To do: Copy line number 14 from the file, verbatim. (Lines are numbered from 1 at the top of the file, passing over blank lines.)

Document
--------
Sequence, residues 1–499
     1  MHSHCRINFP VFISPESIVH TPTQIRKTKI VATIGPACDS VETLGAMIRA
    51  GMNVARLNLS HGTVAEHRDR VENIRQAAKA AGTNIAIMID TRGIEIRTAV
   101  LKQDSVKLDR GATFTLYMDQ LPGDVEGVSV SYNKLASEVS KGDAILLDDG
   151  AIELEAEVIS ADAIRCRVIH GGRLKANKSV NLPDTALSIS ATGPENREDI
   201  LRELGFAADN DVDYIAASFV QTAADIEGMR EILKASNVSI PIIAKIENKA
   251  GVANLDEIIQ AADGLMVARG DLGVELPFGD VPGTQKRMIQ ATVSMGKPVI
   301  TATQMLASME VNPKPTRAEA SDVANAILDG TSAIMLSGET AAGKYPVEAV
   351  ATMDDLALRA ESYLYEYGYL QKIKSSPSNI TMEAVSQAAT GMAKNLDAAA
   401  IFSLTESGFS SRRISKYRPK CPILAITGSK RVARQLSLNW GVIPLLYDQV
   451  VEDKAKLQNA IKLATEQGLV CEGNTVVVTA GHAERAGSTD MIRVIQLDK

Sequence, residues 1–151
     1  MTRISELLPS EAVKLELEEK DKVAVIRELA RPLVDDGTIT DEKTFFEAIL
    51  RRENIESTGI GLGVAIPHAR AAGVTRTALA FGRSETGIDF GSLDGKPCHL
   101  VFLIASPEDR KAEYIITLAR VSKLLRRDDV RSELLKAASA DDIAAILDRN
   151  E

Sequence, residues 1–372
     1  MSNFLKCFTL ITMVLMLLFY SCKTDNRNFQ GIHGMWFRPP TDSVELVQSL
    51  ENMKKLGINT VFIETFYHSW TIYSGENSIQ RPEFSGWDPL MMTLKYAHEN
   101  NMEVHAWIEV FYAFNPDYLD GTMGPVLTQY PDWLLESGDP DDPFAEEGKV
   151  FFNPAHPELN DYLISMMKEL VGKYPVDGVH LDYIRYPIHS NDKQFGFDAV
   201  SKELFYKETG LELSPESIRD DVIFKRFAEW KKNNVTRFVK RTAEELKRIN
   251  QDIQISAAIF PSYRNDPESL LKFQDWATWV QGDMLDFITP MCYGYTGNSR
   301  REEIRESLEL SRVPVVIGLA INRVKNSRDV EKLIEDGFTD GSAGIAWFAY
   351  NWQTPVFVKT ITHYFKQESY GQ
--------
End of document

    51  RRENIESTGI GLGVAIPHAR AAGVTRTALA FGRSETGIDF GSLDGKPCHL